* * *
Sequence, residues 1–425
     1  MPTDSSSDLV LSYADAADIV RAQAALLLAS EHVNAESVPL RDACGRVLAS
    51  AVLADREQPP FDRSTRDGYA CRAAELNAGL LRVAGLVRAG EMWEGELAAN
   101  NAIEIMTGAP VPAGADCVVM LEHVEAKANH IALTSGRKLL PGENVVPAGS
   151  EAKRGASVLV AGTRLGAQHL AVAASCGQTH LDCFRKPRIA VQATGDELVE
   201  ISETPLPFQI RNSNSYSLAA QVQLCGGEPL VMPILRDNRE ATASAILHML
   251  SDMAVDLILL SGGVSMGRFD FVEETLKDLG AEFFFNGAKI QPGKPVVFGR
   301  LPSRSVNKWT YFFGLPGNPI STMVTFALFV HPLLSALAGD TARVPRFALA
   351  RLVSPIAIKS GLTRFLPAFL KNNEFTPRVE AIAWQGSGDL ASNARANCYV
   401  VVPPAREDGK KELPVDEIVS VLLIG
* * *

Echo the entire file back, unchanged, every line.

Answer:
Sequence, residues 1–425
     1  MPTDSSSDLV LSYADAADIV RAQAALLLAS EHVNAESVPL RDACGRVLAS
    51  AVLADREQPP FDRSTRDGYA CRAAELNAGL LRVAGLVRAG EMWEGELAAN
   101  NAIEIMTGAP VPAGADCVVM LEHVEAKANH IALTSGRKLL PGENVVPAGS
   151  EAKRGASVLV AGTRLGAQHL AVAASCGQTH LDCFRKPRIA VQATGDELVE
   201  ISETPLPFQI RNSNSYSLAA QVQLCGGEPL VMPILRDNRE ATASAILHML
   251  SDMAVDLILL SGGVSMGRFD FVEETLKDLG AEFFFNGAKI QPGKPVVFGR
   301  LPSRSVNKWT YFFGLPGNPI STMVTFALFV HPLLSALAGD TARVPRFALA
   351  RLVSPIAIKS GLTRFLPAFL KNNEFTPRVE AIAWQGSGDL ASNARANCYV
   401  VVPPAREDGK KELPVDEIVS VLLIG